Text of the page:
Business is stressful.
So it is in the Spears School of Business. Stressful to teach. And to learn. And to move ideas from the varying stages of theory into real-life success, like they do in the Riata Center for Entrepreneurship.
And there’s a need to de-stress.
And there’s a way, too, through yoga.
A brainchild of Bruce Barringer, head for the School of Entrepreneurship, yoga is available free of charge to students and faculty each Tuesday and Thursday in the Riata Center. Barringer, borrowing from recent trends involving corporate wellness, brought the yoga class into play this semester and plans to offer it again in the fall.
“In Entrepreneurship, you work in teams,” Barringer said. “And these are often stressful jobs. Yoga provides a stress reliever. It helps people focus and become calmer.
“Yoga enhances a real connection of body and mind.”
Nationally, more and more companies are recognizing the need for corporate wellness. Some are turning to yoga, seen as a versatile exercise that aids flexibility, strength, balance, concentration and breath capacity, while reducing stress and anxiety.
Corporate Wellness Magazine cited a study by the World Health Organization that reported depression as the “most disabling illness for the corporate sector, second only to cardiovascular diseases. Long hours, multi-tasking, stiff competition, rigorous commute, irregular eating habits, sedentary desk jobs and bad sitting postures all combine to create a pool of highly stressed, inefficient and thus despairing workforce.”
At OSU, Carol Bender offers help through yoga, as an instructor who leads classes across campus, including in the Riata Center. Bender, a retired professor of molecular biology at OSU, said yoga offers obvious benefits for the business world.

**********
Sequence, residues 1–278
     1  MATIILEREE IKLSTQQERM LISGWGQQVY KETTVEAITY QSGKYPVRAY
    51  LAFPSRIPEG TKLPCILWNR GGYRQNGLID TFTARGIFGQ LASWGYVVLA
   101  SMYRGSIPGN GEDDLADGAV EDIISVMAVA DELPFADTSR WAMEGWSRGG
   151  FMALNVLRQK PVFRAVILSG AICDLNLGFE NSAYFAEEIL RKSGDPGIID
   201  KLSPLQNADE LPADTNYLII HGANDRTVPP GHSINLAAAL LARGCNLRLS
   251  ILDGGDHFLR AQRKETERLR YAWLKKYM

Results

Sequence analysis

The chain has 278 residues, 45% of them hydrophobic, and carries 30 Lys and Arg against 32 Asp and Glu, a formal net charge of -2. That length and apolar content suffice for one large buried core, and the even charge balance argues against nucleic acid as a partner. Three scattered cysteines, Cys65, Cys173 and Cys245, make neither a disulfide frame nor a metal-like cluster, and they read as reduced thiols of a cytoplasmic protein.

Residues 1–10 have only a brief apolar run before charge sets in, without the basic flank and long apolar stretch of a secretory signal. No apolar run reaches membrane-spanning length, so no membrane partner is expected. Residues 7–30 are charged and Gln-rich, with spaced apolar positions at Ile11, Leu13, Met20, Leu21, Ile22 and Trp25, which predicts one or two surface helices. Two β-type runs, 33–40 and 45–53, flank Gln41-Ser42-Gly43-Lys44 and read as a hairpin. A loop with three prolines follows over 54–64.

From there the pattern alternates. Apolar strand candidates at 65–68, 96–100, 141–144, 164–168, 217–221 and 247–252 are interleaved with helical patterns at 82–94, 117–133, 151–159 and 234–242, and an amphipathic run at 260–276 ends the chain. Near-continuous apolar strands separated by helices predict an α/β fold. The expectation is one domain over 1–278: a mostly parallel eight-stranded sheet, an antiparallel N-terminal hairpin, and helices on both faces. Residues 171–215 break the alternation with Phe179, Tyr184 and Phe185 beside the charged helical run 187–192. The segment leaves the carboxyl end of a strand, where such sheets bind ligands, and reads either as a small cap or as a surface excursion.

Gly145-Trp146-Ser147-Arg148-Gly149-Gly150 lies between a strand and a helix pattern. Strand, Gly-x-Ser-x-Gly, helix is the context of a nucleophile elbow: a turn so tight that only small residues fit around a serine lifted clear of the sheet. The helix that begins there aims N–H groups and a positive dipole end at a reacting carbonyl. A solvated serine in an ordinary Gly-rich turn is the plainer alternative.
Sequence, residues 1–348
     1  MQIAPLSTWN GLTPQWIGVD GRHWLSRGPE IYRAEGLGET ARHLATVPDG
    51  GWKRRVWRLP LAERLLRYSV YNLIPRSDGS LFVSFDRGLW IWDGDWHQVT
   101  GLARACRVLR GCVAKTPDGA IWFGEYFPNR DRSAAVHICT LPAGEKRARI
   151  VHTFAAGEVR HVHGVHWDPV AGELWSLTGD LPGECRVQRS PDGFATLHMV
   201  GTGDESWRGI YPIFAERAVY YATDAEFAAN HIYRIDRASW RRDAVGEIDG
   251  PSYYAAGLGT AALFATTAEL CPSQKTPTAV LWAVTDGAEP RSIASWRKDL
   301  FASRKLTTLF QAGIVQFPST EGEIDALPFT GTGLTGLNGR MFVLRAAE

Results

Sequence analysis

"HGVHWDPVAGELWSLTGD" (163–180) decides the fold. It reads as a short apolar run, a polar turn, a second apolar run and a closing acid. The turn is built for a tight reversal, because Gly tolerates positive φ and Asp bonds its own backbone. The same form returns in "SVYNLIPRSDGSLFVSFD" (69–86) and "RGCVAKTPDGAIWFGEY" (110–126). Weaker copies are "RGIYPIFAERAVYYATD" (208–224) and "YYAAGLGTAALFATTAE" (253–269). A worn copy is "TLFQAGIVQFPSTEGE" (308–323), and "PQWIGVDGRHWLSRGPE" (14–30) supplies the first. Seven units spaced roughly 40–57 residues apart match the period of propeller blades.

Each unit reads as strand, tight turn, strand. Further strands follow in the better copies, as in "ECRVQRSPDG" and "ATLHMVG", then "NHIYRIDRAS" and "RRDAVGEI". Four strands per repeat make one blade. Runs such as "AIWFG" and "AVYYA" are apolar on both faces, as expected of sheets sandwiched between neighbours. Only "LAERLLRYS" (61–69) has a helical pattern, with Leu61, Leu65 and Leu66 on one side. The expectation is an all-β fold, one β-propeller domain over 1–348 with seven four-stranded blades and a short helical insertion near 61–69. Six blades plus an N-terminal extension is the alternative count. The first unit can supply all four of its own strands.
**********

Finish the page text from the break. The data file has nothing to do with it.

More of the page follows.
“There are a lot of corporate programs right now,” said Bender, who served 25 years on the faculty at OSU. “And actually, a lot of business schools are introducing mindfulness and yoga, because I think as people relax, they can get into the creative side of their brain. It makes space, because we’re all going 24/7 all the time.
“And I think the best ideas come when you’re a little bit relaxed and not ruminating over a problem. Your mind can just let something in.”
Bender has been teaching yoga at OSU for 17 years, beginning when she was still teaching. She added the Riata Center class to one in the Student Union, as well as another large public class at the Botanic Garden.
In the Riata Center, a group of 12 – 10 students and two faculty members – gather for yoga on Tuesday and Thursday from 8 a.m. to 8:40. All are welcome and the class is free.
Barringer arranged for free mats for the students and hopes the program only grows going forward.
“My big vision is to have 100 in the Keystone Commons (in the new Business Building),” Barringer said.